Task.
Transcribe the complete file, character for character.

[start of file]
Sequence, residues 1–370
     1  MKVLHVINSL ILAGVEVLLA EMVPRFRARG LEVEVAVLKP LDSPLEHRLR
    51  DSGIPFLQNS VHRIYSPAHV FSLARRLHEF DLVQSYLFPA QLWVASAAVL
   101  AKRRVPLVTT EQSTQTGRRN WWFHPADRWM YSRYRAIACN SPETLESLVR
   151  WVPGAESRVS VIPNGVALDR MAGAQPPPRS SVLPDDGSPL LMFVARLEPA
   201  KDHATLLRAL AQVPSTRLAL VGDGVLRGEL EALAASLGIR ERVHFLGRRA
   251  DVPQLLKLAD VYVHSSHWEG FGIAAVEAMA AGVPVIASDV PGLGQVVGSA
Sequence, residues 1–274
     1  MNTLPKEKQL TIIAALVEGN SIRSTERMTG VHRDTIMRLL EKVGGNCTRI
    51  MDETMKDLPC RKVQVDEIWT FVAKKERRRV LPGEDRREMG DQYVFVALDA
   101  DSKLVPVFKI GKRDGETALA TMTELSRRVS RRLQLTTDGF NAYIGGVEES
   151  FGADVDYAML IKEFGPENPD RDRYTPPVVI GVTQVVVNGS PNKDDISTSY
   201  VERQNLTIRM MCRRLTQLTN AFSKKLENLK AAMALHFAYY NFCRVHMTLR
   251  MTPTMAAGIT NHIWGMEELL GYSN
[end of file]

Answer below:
Sequence, residues 1–370
     1  MKVLHVINSL ILAGVEVLLA EMVPRFRARG LEVEVAVLKP LDSPLEHRLR
    51  DSGIPFLQNS VHRIYSPAHV FSLARRLHEF DLVQSYLFPA QLWVASAAVL
   101  AKRRVPLVTT EQSTQTGRRN WWFHPADRWM YSRYRAIACN SPETLESLVR
   151  WVPGAESRVS VIPNGVALDR MAGAQPPPRS SVLPDDGSPL LMFVARLEPA
   201  KDHATLLRAL AQVPSTRLAL VGDGVLRGEL EALAASLGIR ERVHFLGRRA
   251  DVPQLLKLAD VYVHSSHWEG FGIAAVEAMA AGVPVIASDV PGLGQVVGSA
Sequence, residues 1–274
     1  MNTLPKEKQL TIIAALVEGN SIRSTERMTG VHRDTIMRLL EKVGGNCTRI
    51  MDETMKDLPC RKVQVDEIWT FVAKKERRRV LPGEDRREMG DQYVFVALDA
   101  DSKLVPVFKI GKRDGETALA TMTELSRRVS RRLQLTTDGF NAYIGGVEES
   151  FGADVDYAML IKEFGPENPD RDRYTPPVVI GVTQVVVNGS PNKDDISTSY
   201  VERQNLTIRM MCRRLTQLTN AFSKKLENLK AAMALHFAYY NFCRVHMTLR
   251  MTPTMAAGIT NHIWGMEELL GYSN